9. You practice a lot but do not use the time efficiently, so you give up
We have talked above about how much you need to practice but what about how you organize it? Here is what the experts recommend.
Just as with gym, you have to warm up. Don’t start straightaway on the hard stuff. Play something easy and which is also fun. You want to be fairly relaxed and comfortable. The warm up should last about 5 minutes. Then get down to the really difficult bit while you are still fresh and alert. You should be able to play this section a few times without any mistakes if you are to cross it off as actually learned. You can practice scales too, but try to make them interesting by building in good tone and some rhythm. It makes it more enjoyable and you are also experimenting. Then finish off with fun stuff or you could try some sight reading if you are not too tired.
10. Your motivation sinks after a while, so you give up
How can you stay motivated? Remember your first enthusiasm when you started out on this adventure? There is a sense of magic about approaching music and the desire to be a protagonist in this wonderful experience, not just a mere listener. You know there is an element of risk and this is where the teacher has an essential role in encouraging you in being compassionate and considerate.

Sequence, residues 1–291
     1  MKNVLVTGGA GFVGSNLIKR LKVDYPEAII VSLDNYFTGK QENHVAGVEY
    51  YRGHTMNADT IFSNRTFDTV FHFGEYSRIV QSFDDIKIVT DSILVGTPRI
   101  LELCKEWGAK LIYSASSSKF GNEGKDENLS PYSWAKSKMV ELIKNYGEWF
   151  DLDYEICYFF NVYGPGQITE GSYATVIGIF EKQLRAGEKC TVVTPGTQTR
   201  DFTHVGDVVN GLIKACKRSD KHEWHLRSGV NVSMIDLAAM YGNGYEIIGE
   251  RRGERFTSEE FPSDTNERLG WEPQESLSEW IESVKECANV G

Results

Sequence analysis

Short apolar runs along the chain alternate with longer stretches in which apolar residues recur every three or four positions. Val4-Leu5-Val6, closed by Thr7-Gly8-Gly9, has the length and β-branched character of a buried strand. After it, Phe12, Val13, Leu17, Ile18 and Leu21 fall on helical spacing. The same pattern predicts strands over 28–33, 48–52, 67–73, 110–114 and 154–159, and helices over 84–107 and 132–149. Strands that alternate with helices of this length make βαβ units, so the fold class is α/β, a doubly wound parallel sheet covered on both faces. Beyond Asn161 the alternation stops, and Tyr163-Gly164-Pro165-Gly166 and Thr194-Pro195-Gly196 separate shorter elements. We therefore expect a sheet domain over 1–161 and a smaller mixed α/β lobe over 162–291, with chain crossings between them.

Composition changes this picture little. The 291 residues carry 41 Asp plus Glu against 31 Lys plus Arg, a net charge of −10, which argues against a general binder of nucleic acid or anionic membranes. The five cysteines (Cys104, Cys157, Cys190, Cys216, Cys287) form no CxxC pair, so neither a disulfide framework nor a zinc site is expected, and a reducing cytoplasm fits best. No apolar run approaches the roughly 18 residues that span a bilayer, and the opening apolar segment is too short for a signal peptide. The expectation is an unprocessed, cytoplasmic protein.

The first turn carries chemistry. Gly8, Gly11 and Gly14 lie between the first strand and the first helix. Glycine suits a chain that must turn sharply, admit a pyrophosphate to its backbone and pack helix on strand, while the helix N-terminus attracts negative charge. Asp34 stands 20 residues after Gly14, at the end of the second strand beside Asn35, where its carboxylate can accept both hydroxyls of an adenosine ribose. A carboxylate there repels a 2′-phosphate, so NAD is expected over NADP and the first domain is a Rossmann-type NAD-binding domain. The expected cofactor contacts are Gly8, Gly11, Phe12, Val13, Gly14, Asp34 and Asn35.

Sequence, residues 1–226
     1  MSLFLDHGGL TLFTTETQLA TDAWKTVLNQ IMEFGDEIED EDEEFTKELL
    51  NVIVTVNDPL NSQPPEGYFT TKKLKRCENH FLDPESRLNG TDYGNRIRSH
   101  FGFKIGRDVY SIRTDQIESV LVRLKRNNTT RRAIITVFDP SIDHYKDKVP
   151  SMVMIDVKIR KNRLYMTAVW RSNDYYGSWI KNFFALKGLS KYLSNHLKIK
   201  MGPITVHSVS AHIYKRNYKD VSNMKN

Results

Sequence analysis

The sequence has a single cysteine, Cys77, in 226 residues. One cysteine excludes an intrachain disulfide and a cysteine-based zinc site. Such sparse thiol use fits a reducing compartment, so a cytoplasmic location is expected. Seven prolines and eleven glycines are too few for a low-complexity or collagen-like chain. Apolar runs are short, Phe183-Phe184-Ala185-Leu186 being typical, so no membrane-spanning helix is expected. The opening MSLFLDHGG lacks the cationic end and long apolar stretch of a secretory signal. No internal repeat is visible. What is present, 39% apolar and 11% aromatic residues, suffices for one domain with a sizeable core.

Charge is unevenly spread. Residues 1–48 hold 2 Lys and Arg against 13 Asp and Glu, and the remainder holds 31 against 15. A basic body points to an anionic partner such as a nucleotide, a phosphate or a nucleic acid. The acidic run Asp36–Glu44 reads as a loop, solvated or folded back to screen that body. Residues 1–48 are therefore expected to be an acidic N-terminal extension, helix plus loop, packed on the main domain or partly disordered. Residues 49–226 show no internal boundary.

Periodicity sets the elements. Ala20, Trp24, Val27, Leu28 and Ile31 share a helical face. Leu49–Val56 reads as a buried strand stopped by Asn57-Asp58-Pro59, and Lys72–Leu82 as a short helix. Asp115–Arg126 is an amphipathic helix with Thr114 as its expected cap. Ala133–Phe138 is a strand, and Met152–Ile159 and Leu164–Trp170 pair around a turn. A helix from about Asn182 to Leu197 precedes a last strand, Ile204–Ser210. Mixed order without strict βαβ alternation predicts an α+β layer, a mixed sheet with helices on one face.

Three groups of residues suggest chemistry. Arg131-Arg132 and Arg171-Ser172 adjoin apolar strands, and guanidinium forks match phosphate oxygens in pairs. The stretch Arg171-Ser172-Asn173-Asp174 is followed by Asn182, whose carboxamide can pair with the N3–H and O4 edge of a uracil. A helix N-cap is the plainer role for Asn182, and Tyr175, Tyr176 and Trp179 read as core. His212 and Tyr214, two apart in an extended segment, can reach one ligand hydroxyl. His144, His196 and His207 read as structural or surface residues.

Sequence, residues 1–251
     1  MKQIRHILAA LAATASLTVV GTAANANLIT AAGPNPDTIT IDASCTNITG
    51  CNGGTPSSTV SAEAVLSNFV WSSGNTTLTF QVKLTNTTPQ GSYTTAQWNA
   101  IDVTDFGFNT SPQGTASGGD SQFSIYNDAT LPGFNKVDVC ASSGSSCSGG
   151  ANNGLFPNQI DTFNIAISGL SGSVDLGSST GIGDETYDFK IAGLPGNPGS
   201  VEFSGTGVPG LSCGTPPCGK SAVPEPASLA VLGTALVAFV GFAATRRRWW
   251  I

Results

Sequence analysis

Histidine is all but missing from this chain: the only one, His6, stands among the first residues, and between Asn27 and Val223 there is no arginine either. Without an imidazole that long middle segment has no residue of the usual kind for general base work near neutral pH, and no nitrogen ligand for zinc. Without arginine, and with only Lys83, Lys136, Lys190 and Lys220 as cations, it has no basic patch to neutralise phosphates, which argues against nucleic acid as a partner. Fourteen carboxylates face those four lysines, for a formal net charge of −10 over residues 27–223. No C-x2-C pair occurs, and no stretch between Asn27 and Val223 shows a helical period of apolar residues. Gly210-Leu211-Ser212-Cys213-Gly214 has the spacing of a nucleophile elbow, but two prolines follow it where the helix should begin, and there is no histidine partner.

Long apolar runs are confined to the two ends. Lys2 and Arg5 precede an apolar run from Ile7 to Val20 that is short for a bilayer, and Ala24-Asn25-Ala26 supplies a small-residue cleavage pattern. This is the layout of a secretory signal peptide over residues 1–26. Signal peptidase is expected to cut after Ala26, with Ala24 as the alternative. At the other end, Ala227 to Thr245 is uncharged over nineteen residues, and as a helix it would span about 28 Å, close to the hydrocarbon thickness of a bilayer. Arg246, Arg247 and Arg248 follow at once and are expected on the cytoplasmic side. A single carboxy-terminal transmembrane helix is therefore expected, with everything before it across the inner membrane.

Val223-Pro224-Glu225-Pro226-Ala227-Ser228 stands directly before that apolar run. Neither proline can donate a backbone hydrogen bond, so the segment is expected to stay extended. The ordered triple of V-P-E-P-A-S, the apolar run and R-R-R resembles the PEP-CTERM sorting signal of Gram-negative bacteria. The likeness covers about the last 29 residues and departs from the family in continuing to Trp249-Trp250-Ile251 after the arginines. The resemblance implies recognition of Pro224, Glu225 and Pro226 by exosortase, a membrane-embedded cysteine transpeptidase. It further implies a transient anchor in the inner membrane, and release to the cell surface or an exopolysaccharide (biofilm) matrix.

Set yourself reasonable goals and divide these into mini goals so that you can measure your progress in a more concrete way. As you discover more and more about music, listen to some great musicians and read extensively about composers and concert artists and the struggles they too had.
Keep a few inspirational quotes in your music case or on top of your keyboard. Remind yourself that you are in it for the long haul and that you will not be performing at Carnegie Hall in a few years!